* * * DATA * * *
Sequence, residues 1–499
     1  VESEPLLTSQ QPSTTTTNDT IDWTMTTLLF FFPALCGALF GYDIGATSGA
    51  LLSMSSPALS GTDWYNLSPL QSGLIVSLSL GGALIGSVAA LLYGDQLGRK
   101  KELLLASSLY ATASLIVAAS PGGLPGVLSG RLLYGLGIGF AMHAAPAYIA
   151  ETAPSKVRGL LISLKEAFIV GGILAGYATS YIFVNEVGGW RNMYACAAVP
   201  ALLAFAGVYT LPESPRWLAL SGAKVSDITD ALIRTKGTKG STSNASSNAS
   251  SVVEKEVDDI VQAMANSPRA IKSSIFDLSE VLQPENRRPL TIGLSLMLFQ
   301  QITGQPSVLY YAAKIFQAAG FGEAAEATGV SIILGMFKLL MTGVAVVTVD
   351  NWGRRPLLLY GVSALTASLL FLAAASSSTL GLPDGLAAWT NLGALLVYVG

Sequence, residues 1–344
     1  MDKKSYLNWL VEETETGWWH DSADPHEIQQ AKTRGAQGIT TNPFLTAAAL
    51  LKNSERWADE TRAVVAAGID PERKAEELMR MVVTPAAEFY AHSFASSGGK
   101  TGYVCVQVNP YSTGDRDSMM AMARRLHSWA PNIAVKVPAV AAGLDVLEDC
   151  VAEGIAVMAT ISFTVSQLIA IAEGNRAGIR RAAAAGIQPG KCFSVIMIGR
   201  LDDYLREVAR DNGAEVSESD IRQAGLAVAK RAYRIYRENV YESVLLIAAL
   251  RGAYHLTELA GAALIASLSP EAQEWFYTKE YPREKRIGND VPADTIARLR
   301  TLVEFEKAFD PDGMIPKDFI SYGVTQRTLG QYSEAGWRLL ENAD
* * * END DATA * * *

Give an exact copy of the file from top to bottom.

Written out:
Sequence, residues 1–499
     1  VESEPLLTSQ QPSTTTTNDT IDWTMTTLLF FFPALCGALF GYDIGATSGA
    51  LLSMSSPALS GTDWYNLSPL QSGLIVSLSL GGALIGSVAA LLYGDQLGRK
   101  KELLLASSLY ATASLIVAAS PGGLPGVLSG RLLYGLGIGF AMHAAPAYIA
   151  ETAPSKVRGL LISLKEAFIV GGILAGYATS YIFVNEVGGW RNMYACAAVP
   201  ALLAFAGVYT LPESPRWLAL SGAKVSDITD ALIRTKGTKG STSNASSNAS
   251  SVVEKEVDDI VQAMANSPRA IKSSIFDLSE VLQPENRRPL TIGLSLMLFQ
   301  QITGQPSVLY YAAKIFQAAG FGEAAEATGV SIILGMFKLL MTGVAVVTVD
   351  NWGRRPLLLY GVSALTASLL FLAAASSSTL GLPDGLAAWT NLGALLVYVG

Sequence, residues 1–344
     1  MDKKSYLNWL VEETETGWWH DSADPHEIQQ AKTRGAQGIT TNPFLTAAAL
    51  LKNSERWADE TRAVVAAGID PERKAEELMR MVVTPAAEFY AHSFASSGGK
   101  TGYVCVQVNP YSTGDRDSMM AMARRLHSWA PNIAVKVPAV AAGLDVLEDC
   151  VAEGIAVMAT ISFTVSQLIA IAEGNRAGIR RAAAAGIQPG KCFSVIMIGR
   201  LDDYLREVAR DNGAEVSESD IRQAGLAVAK RAYRIYRENV YESVLLIAAL
   251  RGAYHLTELA GAALIASLSP EAQEWFYTKE YPREKRIGND VPADTIARLR
   301  TLVEFEKAFD PDGMIPKDFI SYGVTQRTLG QYSEAGWRLL ENAD